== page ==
Because of their prophetic beliefs, Seventh-day Adventists have imagined a world without religious freedom perhaps more than most people of faith. Curiously this proclivity has at times led some Adventists to minimize the importance of religious freedom as a “public ministry.” Any group must reject tendencies toward public isolation and parochialism. In the 1880s Adventists and other alert groups successfully held back an ill-intentioned national Sunday law. That issue will likely come back to prominence in the United States if Bible prophecy is to be fulfilled. But to wait passively for a national Sunday law and not defend the freedom rights of all people of faith would represent an unfortunate mind-set that must be challenged and overcome.
Yes, the thought of church-sponsored legal and constitutional advocacy in the public and political arena is not always understood, even by those members troubled at particular threats to conscience. Even those who are supportive wonder sometimes if our religious liberty efforts are on the “wrong side” because we champion the constitutional separation of church and state. Well, such a stand is not only constitutional but in the interests of humanity’s inalienable rights and very much the biblical model of freedom.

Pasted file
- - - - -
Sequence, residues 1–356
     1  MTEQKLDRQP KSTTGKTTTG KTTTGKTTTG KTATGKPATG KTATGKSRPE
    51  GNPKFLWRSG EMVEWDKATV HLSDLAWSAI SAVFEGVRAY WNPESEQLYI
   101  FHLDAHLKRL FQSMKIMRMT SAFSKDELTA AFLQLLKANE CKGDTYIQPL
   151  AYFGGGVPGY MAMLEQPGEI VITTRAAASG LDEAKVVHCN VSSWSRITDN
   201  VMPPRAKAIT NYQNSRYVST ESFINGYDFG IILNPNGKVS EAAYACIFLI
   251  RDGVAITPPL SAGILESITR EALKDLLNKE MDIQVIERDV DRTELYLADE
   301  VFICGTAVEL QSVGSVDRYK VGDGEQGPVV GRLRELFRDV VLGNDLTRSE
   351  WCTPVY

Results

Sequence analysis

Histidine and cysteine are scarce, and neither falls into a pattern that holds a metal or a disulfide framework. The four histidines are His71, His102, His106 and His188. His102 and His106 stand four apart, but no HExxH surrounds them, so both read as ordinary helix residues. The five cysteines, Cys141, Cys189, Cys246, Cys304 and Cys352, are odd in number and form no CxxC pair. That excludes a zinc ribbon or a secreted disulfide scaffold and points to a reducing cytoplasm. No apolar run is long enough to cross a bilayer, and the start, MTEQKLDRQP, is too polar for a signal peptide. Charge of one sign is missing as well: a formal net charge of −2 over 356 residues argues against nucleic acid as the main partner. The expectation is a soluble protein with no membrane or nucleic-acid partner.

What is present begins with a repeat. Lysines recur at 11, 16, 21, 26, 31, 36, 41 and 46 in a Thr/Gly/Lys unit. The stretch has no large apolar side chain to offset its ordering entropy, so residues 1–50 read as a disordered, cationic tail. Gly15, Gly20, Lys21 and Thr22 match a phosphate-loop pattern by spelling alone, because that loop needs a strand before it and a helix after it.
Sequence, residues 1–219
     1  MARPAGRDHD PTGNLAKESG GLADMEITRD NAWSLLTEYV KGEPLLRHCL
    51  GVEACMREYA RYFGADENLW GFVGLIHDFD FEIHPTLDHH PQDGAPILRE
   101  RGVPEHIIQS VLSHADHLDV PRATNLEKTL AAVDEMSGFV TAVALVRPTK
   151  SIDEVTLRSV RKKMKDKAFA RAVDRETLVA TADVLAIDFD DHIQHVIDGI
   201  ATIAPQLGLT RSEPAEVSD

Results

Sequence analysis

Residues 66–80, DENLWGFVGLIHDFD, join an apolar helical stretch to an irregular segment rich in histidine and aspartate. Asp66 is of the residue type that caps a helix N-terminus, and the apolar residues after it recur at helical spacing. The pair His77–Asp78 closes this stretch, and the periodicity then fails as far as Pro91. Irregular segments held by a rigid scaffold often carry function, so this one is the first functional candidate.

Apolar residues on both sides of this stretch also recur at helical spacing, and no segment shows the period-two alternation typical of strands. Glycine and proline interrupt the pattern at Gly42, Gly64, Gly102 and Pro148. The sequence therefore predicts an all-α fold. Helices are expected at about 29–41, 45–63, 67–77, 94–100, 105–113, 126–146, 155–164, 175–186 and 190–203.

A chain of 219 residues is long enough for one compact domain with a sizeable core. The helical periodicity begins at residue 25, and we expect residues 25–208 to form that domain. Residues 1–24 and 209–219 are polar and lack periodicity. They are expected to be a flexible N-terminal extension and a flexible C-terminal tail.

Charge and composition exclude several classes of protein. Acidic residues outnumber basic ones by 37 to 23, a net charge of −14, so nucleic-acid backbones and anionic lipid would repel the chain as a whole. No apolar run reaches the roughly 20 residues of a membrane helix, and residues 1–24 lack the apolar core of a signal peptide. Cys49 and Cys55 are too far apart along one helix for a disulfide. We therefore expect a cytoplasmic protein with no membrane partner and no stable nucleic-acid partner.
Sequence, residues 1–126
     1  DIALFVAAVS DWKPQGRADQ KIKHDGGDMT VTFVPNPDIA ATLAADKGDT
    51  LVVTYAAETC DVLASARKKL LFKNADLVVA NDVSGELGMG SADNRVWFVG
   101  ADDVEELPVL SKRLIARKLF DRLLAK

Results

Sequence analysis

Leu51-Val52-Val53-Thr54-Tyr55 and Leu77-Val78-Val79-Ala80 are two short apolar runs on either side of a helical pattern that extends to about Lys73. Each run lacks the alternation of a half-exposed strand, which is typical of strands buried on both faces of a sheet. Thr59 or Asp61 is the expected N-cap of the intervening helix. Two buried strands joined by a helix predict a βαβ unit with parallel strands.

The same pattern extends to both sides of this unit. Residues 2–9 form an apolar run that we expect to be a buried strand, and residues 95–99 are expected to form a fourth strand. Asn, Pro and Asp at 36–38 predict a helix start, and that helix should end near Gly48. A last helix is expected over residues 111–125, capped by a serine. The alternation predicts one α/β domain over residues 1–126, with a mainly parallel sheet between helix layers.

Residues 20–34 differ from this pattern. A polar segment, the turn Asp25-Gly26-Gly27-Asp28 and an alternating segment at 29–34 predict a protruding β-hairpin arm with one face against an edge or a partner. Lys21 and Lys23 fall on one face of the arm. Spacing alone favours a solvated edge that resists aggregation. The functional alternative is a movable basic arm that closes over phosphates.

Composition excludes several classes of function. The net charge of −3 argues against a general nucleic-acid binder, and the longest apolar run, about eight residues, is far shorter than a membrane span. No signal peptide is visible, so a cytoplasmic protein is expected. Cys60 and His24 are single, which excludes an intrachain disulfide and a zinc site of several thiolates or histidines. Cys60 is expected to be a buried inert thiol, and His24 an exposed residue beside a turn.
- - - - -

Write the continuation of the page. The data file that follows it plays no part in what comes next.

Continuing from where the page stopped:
My church’s Declaration of Principles highlight this respected approach:
Declaration of Principles
The God-given right of religious liberty is best exercised when church and state are separate.
Government is God’s agency to protect individual rights and to conduct civil affairs; in exercising these responsibilities, officials are entitled to respect and cooperation.
Religious liberty entails freedom of conscience: to worship or not to worship; to profess, practice, and promulgate religious beliefs or to change them. In exercising these rights, however, one must respect the equivalent rights of all others.
Attempts to unite church and state are opposed to the interests of each, subversive of human rights and potentially persecuting in character; to oppose union, lawfully and honorably, is not only the citizen’s duty but the essence of the golden rule — to treat others as one wishes to be treated.
Our church’s religious liberty efforts have been in cooperation with some of the leading figures in Washington, D.C. There is no reason we should not be the number one religious identity in the world that champions religious freedom in the public square. Presidential candidates Hillary Clinton and Ben Carson, Secretary of State John Kerry, Kansas governor Sam Brownback, and Utah senator Orrin Hatch and Arizona senator John McCain—both Democrats and Republicans—have all joined with us in proclaiming the value of religious freedom for all.